BUT, I can tell you that my experience in Africa suggests that continually ringing alarm bells, especially in the absence of good messaging, doesn't help. My point is: Let's be clear about what the problem is. Let's attack it carefully. That allows for sustained good programming. As I said in the piece, we have to talk about sexual behavior much more explicitly.


Washington, D.C.: Wow - so you guys have done an article contradicting a prior article on the same topic, or to clarify it. And now you're doing a chat. Thank you!

Some commentators on the City Paper's site noted that the rate HAD been 5% and now it's 3%, which indicates a fall-off.

Also, some other people pointed out that people are living with AIDS longer.

Craig Timberg: Hi there. I am not contradicting the previous article. Jose and Darryl are terrific reporters whose work was first rate. All I'm attempting to bring to the conversation is a bit more context because I have had the benefit of experience in a different place, courtesy of course, of the Post's Foreign Service.


Washington D.C.: I am somewhat dismayed that we do not have statistics on the incidence of HIV infection in D.C. While great improvements in surveillance and reporting of HIV in the District have come about in recent years, thanks to prodding from the D.C. Appleseed Reports, the arrival of Dr. Shannon Hader and collaboration with the GWU School of Public Health, it is still amazing that our data is so patchy. I think Craig Timberg's article was 'spot on' in putting the situation in D.C. into perspective, especially in light of AIDS in Africa. Without accurate data we cannot begin to attack the problem in the District adequately. I am very keen to see the HIV/AIDS administration of the DOH adopt new epidemiological approaches that could obtain a better measure of our situation. I would like them to fine tune the incidence data and to adopt what I have termed "Community Viral Load" indices. This is the only way we will be able to identify core aggregates and target interventions to reduce transmission in our neighborhoods. We must own this epidemic, starting at the community level. Thank you very much for this discussion.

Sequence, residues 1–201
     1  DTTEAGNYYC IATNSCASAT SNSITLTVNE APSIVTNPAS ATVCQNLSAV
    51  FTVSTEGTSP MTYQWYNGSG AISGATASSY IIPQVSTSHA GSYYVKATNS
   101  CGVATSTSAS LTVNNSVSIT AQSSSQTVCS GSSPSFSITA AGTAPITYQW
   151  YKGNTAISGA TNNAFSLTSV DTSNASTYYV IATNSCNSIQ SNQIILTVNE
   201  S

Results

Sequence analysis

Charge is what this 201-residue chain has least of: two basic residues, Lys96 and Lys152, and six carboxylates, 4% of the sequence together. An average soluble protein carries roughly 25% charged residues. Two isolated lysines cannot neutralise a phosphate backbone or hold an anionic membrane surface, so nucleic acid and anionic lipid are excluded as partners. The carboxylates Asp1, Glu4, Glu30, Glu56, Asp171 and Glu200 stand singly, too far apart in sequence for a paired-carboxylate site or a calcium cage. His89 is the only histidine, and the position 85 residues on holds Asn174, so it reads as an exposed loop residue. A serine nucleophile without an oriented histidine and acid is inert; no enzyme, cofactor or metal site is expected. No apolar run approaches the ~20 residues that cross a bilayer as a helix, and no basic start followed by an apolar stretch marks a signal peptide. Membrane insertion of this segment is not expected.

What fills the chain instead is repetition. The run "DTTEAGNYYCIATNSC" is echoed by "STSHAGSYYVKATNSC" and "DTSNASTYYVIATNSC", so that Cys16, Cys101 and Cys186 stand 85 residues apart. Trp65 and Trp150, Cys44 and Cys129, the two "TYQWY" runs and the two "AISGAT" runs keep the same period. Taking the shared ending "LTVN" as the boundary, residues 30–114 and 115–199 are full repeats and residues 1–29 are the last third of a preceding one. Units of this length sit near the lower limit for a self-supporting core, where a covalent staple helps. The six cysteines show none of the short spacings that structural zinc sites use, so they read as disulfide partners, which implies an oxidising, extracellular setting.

Mary Dooley, MPH, RN Assistant Clinical Professor, Community Health CUA School of Nursing

Craig Timberg: Wow! I couldn't agree more.


Chicago, Ill.: The Vatican blames condoms. The Pope was rightly condemned in the Western world for saying that safe sex exacerbates the disease, but what has the reaction been in Africa? It seems there is much stronger resistance there to preventive measures.

Craig Timberg: I'm not in Africa right now so I don't know. I will briefly share my thoughts on this, though. While the Pope surely was wrong in some ways, the reaction seems outsized and too much resembling a sledge-hammer. Condoms clearly have helped in some places, in Thailand for example, and also in the American and European gay community. And for the many couples in which one person is infected and the other is not, what else is the Pope suggesting?

At the same time, their record in Africa is more mixed. If huge emphasis on condoms was going to fix the epidemic, it would have happened by now. That's was the heart of the global response in Africa from the early 1990s onward. So condoms are good, but we need to stop imagining that they are the panacea. They are useful, but not enough.


Greenbelt, Md.: D.C. officials have acknowledged, when asked, that some of the very high HIV rate can be attributed to earlier and more pervasive testing, and to decreased mortality from medical treatment.

I understand from others that D.C. (and California) are very unusual (by US standards) in offering free medical care to those with HIV/AIDS. What portion of D.C.'s extraordinarily high HIV+ rate might be attributable to HIV+ people moving to D.C. from out of state to avail themselves of these costly (to the government) benefits? Has that been studied by anyone?